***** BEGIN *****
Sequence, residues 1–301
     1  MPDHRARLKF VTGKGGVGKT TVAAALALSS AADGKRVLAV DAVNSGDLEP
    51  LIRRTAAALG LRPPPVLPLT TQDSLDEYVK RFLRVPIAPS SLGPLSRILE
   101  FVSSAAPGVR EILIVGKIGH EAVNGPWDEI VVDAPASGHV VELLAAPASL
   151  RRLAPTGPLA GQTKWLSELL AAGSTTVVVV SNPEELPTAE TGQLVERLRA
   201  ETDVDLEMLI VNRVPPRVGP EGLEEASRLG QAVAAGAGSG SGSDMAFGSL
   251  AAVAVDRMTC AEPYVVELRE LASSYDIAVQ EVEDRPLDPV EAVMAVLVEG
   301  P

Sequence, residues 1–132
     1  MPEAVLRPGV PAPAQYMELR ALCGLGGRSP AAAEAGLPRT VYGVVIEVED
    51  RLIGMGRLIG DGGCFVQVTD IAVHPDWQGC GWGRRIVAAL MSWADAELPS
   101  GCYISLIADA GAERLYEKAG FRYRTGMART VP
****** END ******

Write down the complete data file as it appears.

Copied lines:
Sequence, residues 1–301
     1  MPDHRARLKF VTGKGGVGKT TVAAALALSS AADGKRVLAV DAVNSGDLEP
    51  LIRRTAAALG LRPPPVLPLT TQDSLDEYVK RFLRVPIAPS SLGPLSRILE
   101  FVSSAAPGVR EILIVGKIGH EAVNGPWDEI VVDAPASGHV VELLAAPASL
   151  RRLAPTGPLA GQTKWLSELL AAGSTTVVVV SNPEELPTAE TGQLVERLRA
   201  ETDVDLEMLI VNRVPPRVGP EGLEEASRLG QAVAAGAGSG SGSDMAFGSL
   251  AAVAVDRMTC AEPYVVELRE LASSYDIAVQ EVEDRPLDPV EAVMAVLVEG
   301  P

Sequence, residues 1–132
     1  MPEAVLRPGV PAPAQYMELR ALCGLGGRSP AAAEAGLPRT VYGVVIEVED
    51  RLIGMGRLIG DGGCFVQVTD IAVHPDWQGC GWGRRIVAAL MSWADAELPS
   101  GCYISLIADA GAERLYEKAG FRYRTGMART VP